Cordilleran Section - 106th Annual Meeting, and Pacific Section, American Association of Petroleum Geologists (27-29 May 2010)
Paper No. 10-4
Presentation Time: 2:35 PM-2:55 PM

DEVELOPMENT OF A VERTICALLY-STRATIFIED DACITE-RHYOLITE MAGMATIC SYSTEM WITHIN THE MOUNT WHITNEY INTRUSIVE SUITE, SIERRA NEVADA, CALIFORNIA

HIRT, William H., Natural Sciences, College of the Siskiyous, 800 College Avenue, Weed, CA 96094, hirt@siskiyous.edu

Some ash-flow tuffs that preserve dacite-rhyolite compositional transitions are interpreted as the erupted contents of stratified reservoirs in which rhyolitic magmas overlie the dacitic “mushes” from which they segregated. The youngest member of the Mount Whitney Intrusive Suite (MWIS) may preserve a plutonic record of such a compositionally-stratified system.

The MWIS was emplaced between 90 and 83 Ma near the eastern edge of the Sierra Nevada batholith and its youngest member, the Whitney pluton, intrudes both older members and wall rocks warmed by them. The pluton grades from marginal granodiorite at low elevations to granite in its upper central part, and mass balance calculations indicate the granite can derived from the granodiorite by modest fractionation of hb + pl + mt. Alkali-feldspar megacrysts comprise 6-11% of the body and are coarser towards its center. Evidence of repeated resorption and growth of Ba-rich zones in the megacrysts indicates open-system behavior during which influxes of hotter magma are inferred to have selectively dissolved small alkali-feldspar crystals and led to coarsening. The inward coarsening of megacrysts suggests that the longest history of recharge occurred near the center of the Whitney pluton where it would have promoted differentiation by episodically raising temperature and lowering crystallinity.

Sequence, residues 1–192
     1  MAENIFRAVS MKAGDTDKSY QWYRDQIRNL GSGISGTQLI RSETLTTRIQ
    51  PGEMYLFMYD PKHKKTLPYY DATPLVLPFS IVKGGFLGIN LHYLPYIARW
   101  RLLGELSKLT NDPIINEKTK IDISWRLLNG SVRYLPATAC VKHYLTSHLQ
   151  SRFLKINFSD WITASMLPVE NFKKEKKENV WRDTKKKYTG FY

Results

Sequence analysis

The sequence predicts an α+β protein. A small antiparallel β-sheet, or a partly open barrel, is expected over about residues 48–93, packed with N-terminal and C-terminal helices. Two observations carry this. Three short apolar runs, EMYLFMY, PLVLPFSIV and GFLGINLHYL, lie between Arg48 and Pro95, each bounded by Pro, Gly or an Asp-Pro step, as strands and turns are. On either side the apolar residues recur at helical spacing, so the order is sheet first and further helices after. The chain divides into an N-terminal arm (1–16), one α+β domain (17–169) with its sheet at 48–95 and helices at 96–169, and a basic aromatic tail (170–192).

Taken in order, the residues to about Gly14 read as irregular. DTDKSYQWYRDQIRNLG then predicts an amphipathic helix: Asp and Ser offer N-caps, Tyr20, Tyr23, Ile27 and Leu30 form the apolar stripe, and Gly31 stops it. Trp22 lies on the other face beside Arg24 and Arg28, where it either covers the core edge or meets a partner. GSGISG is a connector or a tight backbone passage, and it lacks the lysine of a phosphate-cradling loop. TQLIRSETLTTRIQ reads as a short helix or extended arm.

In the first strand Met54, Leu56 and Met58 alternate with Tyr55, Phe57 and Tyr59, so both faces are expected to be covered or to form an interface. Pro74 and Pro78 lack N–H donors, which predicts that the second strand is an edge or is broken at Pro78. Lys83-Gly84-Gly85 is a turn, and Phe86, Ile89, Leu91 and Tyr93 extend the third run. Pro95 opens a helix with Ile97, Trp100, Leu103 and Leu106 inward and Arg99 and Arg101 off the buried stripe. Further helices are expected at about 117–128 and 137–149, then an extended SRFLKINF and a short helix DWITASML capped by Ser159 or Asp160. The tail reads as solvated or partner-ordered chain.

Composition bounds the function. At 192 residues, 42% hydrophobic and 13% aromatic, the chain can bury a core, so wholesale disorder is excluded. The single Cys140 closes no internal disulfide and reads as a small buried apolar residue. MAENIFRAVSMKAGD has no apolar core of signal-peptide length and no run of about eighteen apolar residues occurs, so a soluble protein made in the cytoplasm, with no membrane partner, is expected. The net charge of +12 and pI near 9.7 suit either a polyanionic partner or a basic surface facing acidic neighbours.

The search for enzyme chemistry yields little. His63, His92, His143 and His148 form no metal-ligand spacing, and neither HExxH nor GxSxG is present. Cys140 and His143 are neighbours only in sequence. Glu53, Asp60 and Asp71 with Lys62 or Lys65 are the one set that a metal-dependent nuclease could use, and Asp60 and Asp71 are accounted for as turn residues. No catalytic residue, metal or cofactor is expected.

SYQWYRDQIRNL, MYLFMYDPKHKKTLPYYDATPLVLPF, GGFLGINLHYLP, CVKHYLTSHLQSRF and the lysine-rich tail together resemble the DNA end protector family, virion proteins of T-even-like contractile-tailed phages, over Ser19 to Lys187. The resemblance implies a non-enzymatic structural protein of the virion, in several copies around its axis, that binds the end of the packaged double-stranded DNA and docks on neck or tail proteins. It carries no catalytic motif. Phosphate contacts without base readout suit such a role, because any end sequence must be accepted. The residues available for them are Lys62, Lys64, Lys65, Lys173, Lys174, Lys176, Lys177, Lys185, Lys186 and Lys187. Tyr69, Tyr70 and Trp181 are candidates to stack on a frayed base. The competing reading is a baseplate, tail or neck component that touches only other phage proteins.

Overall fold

Field relations, chemistry, and megacryst textures suggest that relatively slow cooling at the center of the suite held the lower dacitic part of the Whitney pluton above its rigid percolation threshold long enough (104-105 years) for melt to segregate and form the overlying granite. A coupled thermal-deformational model of the MWIS agrees with similar models in predicting that intrusion at an average rate greater than 10-3 m3/m2/yr would have been required to sustain a differentiable reservoir at the center of the Whitney pluton.

Cordilleran Section - 106th Annual Meeting, and Pacific Section, American Association of Petroleum Geologists (27-29 May 2010)
General Information for this Meeting
Session No. 10
Debating the Connections Between the Plutonic and Volcanic Rock Record
Marriott Anaheim Hotel: Platinum 2
1:30 PM-5:00 PM, Thursday, 27 May 2010

Geological Society of America Abstracts with Programs, Vol. 42, No. 4, p. 52

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